That Robespierre had completely and terminally lost his grasp on the realities of the situation was evident by his activities on 8 Thermidor Year II (July 26, 1794), the day before his overthrow. He appeared in the Convention to announce the need for the assembly to purge itself of counterrevolutionaries. Yet he failed to say just who he imagined these counterrevolutionaries to be. His rambling, tediously self-indulgent speech—one of the longest suicide notes in history—gave the large number of enemies motivated to get rid of him every incentive to do so at once. On 9 Thermidor, no one supported him. Even his former sans-culotte allies were conspicuous by their absence.
From the spring of 1794, Robespierre had become utterly impossible. If it was difficult for contemporaries to comprehend what he was doing, then it must be even more so for his biographer and critical friend. It is the danger hanging over every biographer that at some point they start believing their subject’s propaganda. As Robespierre became ever more introverted and more marginal to the process of the Revolution, and his ideas more solipsistic, one wonders whether Scurr is not succumbing to that danger. She seeks to dig further and deeper into the mind of her “friend,” continuing the inward journey as a means of gaining a final take on character. But one is tempted to conclude that what was by now going on in Robespierre’s head was largely irrelevant in view of the overdetermined processes of his fall and its wider significance within Revolutionary France and indeed within Europe. The trouble with viewing Robespierre as “the living embodiment of the Revolution” is understanding those numerous circumstances when he manifestly wasn’t.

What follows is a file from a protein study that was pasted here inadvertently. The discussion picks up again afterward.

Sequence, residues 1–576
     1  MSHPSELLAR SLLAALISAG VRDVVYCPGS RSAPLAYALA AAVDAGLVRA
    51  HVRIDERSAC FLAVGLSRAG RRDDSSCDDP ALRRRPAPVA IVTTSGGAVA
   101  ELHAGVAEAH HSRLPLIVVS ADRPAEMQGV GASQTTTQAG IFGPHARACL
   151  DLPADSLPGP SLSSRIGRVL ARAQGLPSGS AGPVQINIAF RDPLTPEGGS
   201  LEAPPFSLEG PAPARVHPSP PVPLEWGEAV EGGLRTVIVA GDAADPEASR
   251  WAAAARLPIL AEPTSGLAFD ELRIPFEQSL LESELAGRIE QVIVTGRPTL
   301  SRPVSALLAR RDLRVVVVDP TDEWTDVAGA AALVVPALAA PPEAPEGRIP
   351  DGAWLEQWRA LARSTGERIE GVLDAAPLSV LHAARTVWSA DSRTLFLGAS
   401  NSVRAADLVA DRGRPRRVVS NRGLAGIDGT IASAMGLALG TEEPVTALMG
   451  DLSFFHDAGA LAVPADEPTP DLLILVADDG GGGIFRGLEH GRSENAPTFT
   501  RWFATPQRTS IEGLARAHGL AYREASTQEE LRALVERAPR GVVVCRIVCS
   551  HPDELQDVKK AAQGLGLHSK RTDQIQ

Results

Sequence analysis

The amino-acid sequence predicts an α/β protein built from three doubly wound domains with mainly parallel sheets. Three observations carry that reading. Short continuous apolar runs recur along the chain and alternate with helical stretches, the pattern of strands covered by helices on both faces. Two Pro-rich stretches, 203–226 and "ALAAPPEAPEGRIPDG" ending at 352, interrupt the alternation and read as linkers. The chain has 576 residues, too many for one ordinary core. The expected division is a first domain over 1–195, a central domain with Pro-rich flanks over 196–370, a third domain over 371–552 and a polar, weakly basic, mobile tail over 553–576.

No one, even friends then and now, can be certain what Robespierre was up to in the Thermidor crisis. The Great Robespierre Conundrum is with us still. As a consequence we find it difficult to break out of the Robespierrist/anti-Robespierrist explanatory schema. A biographical approach to his life and death can give us—as Scurr does—a heightened and nuanced sense of Robespierre’s personality and complexities. But it also leaves little room for us to comprehend what his rise and fall might have meant to anyone else, and how we might take a step toward understanding the wider significance of the Terror, and Robespierre’s part within it.
By staying true to her close reading of character in these crazy last months of his life, Scurr risks losing the wider plot quite as comprehensively as Robespierre did. She suggests that others were by now sharing his view of himself as the embodiment of the Revolution. All the evidence appears to the contrary. Thermidor was the work of revolutionaries, not counterrevolutionaries. Robespierre was dead, it could be declared on 10 Thermidor: so Vive la Révolution. Scurr brings us closer to Robespierre’s character and his obsessions, but in doing so she loses sight of the Revolution itself.
December 20, 2007